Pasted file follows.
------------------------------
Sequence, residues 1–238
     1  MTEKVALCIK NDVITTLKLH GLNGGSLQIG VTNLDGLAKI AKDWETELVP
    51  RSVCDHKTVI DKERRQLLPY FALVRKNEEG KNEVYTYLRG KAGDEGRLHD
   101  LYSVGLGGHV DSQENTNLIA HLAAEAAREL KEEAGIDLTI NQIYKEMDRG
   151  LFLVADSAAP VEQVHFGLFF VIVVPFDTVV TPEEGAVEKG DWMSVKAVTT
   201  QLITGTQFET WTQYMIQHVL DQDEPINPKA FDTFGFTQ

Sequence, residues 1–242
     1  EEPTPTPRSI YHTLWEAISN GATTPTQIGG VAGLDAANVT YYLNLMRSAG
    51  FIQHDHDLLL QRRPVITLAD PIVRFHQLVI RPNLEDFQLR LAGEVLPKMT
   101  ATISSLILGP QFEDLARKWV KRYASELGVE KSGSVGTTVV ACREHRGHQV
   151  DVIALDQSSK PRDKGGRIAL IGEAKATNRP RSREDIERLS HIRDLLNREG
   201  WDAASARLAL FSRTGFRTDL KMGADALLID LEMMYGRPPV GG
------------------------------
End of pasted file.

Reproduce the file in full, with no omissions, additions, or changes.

Sequence, residues 1–238
     1  MTEKVALCIK NDVITTLKLH GLNGGSLQIG VTNLDGLAKI AKDWETELVP
    51  RSVCDHKTVI DKERRQLLPY FALVRKNEEG KNEVYTYLRG KAGDEGRLHD
   101  LYSVGLGGHV DSQENTNLIA HLAAEAAREL KEEAGIDLTI NQIYKEMDRG
   151  LFLVADSAAP VEQVHFGLFF VIVVPFDTVV TPEEGAVEKG DWMSVKAVTT
   201  QLITGTQFET WTQYMIQHVL DQDEPINPKA FDTFGFTQ

Sequence, residues 1–242
     1  EEPTPTPRSI YHTLWEAISN GATTPTQIGG VAGLDAANVT YYLNLMRSAG
    51  FIQHDHDLLL QRRPVITLAD PIVRFHQLVI RPNLEDFQLR LAGEVLPKMT
   101  ATISSLILGP QFEDLARKWV KRYASELGVE KSGSVGTTVV ACREHRGHQV
   151  DVIALDQSSK PRDKGGRIAL IGEAKATNRP RSREDIERLS HIRDLLNREG
   201  WDAASARLAL FSRTGFRTDL KMGADALLID LEMMYGRPPV GG